tchie river, while Jeff. Forrest's brigade was at Grenada, watching the forces at Yazoo City, and Bell, at Oxford, organizing. On the 10th Smith started from Collierville. On the 11th McCulloch moven forward towards Aberdeen, and continued skirmishing with the enemy until the 20th. On the 20th Bell's brigade was sent to keep on the flank of the enemy and cover Columbus, and McCulloch and Richarward on two different roads, converging at Okalona, and on they came at a run; and at this moment Bell's brigade, which had been watching the flank of the enemy, came in from an opposite direction. F: Lyons', eight hundred; Rucker's, seven hundred, and Johnson's, five hundred; while Buford, with Bell's brigade, about fifteen hundred strong, and two batteries of artillery, were some distance in thion, commanded by W. H. Jackson, was composed of all the Tennessee cavalry in two brigades, under Bell and Campbell — a force of not less than ten thousand effective men if they could have been concen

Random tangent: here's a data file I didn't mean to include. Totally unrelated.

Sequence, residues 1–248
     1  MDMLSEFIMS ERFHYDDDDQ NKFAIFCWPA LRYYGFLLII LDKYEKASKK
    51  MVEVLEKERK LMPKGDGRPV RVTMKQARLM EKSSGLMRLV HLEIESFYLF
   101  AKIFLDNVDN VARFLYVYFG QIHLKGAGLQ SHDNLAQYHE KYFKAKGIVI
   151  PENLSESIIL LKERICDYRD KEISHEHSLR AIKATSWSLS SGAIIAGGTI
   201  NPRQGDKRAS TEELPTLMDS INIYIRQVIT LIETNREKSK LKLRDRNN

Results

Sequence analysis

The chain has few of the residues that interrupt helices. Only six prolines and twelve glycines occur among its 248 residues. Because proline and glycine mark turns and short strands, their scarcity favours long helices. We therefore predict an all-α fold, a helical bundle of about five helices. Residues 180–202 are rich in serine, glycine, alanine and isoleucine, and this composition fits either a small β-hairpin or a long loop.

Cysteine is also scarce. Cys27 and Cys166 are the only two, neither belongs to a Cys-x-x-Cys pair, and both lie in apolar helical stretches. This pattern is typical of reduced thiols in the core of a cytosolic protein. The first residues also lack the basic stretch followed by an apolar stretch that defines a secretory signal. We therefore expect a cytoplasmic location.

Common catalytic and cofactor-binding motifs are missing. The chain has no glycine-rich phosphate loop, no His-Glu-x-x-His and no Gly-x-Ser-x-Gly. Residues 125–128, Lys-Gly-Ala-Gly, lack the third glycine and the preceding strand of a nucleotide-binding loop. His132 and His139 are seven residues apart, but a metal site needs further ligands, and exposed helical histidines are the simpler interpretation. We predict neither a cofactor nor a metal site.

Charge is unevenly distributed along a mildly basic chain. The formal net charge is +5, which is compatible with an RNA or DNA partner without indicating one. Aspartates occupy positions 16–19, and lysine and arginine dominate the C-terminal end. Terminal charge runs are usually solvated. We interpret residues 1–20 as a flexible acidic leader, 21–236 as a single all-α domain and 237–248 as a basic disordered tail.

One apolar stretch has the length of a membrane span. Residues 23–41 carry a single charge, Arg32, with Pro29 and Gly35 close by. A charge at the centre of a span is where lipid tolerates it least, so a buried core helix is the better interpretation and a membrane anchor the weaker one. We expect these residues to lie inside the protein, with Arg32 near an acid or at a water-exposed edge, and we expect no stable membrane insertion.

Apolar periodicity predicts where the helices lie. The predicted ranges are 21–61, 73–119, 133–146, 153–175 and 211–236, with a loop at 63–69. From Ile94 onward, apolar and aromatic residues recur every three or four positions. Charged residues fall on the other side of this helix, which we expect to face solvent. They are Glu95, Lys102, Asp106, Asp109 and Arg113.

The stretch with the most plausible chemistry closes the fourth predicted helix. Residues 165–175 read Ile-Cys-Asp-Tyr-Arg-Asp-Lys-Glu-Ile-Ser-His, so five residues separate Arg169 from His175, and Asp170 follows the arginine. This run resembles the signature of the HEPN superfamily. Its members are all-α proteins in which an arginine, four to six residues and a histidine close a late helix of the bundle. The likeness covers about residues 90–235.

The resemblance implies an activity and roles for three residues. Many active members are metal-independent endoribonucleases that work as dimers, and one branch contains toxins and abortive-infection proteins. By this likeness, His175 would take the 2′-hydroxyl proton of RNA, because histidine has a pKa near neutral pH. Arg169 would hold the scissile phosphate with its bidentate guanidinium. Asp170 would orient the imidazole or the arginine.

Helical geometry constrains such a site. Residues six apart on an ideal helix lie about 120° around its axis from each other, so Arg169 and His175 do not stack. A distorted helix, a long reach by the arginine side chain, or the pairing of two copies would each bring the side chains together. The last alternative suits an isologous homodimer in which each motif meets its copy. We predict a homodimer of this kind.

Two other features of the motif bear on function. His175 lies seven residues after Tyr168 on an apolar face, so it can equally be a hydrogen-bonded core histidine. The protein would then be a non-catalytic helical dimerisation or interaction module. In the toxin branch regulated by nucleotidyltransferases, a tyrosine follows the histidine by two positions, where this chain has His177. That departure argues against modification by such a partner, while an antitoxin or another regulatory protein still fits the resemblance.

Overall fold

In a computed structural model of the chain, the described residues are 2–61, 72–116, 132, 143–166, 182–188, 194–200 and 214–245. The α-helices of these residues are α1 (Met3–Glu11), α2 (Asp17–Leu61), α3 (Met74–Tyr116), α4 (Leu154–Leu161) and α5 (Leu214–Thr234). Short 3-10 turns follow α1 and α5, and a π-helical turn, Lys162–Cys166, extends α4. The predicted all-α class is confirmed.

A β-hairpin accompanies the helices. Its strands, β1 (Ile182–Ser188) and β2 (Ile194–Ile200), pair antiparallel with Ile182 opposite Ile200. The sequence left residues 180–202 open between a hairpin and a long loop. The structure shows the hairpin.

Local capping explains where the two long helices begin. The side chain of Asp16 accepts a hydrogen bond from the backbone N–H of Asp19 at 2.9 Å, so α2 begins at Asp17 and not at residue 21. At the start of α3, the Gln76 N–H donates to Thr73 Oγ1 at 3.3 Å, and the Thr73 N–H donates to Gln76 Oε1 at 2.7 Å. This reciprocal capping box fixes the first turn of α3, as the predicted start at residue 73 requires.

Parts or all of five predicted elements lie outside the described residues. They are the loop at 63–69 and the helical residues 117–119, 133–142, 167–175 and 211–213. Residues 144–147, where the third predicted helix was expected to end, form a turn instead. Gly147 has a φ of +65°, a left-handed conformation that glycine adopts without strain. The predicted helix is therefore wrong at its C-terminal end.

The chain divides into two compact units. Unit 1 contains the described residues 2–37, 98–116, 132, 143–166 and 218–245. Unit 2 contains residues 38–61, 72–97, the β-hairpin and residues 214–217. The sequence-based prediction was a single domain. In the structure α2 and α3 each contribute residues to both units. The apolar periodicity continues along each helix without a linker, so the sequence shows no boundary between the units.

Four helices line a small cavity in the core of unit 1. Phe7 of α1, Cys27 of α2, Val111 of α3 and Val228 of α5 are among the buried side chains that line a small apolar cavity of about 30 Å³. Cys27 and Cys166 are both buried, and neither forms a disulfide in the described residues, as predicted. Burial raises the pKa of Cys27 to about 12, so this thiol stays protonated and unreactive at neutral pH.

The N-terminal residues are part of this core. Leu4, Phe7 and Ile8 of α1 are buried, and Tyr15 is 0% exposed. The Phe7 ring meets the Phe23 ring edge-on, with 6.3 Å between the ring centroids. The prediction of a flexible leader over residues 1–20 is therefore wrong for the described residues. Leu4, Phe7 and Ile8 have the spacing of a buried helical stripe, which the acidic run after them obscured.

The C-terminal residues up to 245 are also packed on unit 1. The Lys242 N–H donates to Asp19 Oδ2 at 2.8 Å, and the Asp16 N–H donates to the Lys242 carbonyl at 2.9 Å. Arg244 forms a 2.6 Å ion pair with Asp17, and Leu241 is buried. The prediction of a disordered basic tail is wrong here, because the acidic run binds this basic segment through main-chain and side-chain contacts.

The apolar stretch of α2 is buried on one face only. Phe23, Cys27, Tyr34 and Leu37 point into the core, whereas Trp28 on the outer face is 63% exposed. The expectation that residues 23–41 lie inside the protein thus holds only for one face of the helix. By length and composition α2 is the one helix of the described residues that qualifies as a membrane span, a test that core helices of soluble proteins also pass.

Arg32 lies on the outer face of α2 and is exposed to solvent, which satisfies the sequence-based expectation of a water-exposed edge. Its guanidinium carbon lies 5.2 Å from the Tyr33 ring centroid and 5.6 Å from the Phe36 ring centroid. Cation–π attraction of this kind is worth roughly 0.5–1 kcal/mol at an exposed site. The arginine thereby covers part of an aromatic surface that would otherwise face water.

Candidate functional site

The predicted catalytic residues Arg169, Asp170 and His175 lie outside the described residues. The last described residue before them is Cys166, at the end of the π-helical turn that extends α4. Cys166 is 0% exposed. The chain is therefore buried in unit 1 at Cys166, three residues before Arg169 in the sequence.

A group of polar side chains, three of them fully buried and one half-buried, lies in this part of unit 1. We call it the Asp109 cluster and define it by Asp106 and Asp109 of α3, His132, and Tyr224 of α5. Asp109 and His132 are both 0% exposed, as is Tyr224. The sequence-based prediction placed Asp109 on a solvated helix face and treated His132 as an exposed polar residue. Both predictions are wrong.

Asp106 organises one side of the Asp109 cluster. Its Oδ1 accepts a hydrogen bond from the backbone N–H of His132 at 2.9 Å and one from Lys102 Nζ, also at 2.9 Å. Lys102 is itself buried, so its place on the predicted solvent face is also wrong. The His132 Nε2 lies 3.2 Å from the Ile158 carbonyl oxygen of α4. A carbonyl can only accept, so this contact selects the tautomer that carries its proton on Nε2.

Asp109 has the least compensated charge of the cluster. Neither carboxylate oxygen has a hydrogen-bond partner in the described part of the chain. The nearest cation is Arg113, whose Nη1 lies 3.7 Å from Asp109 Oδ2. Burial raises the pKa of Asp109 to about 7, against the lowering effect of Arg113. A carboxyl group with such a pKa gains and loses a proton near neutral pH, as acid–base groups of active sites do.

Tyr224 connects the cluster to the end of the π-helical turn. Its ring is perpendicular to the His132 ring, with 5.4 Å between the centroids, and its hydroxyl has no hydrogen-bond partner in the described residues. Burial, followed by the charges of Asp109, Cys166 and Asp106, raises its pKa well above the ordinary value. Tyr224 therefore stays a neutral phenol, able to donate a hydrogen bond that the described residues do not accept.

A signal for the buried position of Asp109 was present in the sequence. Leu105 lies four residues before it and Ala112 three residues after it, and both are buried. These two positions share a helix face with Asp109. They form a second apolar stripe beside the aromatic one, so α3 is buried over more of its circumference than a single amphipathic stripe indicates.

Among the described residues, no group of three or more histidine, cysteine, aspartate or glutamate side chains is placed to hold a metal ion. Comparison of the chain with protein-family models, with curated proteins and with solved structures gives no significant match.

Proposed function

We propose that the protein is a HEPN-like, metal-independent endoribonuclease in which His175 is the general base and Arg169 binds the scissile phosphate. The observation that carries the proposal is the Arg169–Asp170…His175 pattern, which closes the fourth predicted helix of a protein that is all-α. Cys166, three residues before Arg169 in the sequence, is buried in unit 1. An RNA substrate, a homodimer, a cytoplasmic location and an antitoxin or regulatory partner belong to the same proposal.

William Boynton, Sherman's Historical Raid, Chapter 3: (search)
st assault made by the rebels at the ravine, near the steamboat landing, which he had repelled by a heavy battery collected under Colonel J. D. Webster and other officers, and he was convinced that the battle was over for that day. He ordered me to be ready to assume the offensive in the morning, saying that, as he had observed at Fort Donelson at the crisis of the battle, both sides seemed defeated and whoever assumed the offensive was sure to win. General Grant also explained to me that General Bell had reached the bank of the Tennessee River opposite Pittsburgh Landing, and was in the act of ferrying his troops across at the time he was speaking to me. About half an hour afterward General Buell himself rode up to where I was, accompanied by Colonels Fry, Michler, and others of his staff. I was dismounted at the time, and General Buell made of me a good many significant inquiries about matters and things generally. By the aid of a manuscript map made by myself, I pointed out to